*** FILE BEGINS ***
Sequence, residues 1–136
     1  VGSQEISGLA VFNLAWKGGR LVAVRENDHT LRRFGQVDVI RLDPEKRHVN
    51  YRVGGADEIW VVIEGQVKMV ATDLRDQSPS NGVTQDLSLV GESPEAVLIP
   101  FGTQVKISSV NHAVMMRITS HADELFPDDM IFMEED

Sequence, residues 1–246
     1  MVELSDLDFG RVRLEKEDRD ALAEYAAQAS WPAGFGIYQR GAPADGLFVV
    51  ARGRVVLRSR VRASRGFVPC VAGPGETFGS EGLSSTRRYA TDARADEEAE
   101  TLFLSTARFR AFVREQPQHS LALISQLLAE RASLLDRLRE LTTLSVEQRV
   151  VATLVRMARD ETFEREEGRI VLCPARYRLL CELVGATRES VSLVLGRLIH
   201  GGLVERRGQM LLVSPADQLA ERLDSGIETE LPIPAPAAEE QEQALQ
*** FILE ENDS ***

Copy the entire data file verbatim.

Sequence, residues 1–136
     1  VGSQEISGLA VFNLAWKGGR LVAVRENDHT LRRFGQVDVI RLDPEKRHVN
    51  YRVGGADEIW VVIEGQVKMV ATDLRDQSPS NGVTQDLSLV GESPEAVLIP
   101  FGTQVKISSV NHAVMMRITS HADELFPDDM IFMEED

Sequence, residues 1–246
     1  MVELSDLDFG RVRLEKEDRD ALAEYAAQAS WPAGFGIYQR GAPADGLFVV
    51  ARGRVVLRSR VRASRGFVPC VAGPGETFGS EGLSSTRRYA TDARADEEAE
   101  TLFLSTARFR AFVREQPQHS LALISQLLAE RASLLDRLRE LTTLSVEQRV
   151  VATLVRMARD ETFEREEGRI VLCPARYRLL CELVGATRES VSLVLGRLIH
   201  GGLVERRGQM LLVSPADQLA ERLDSGIETE LPIPAPAAEE QEQALQ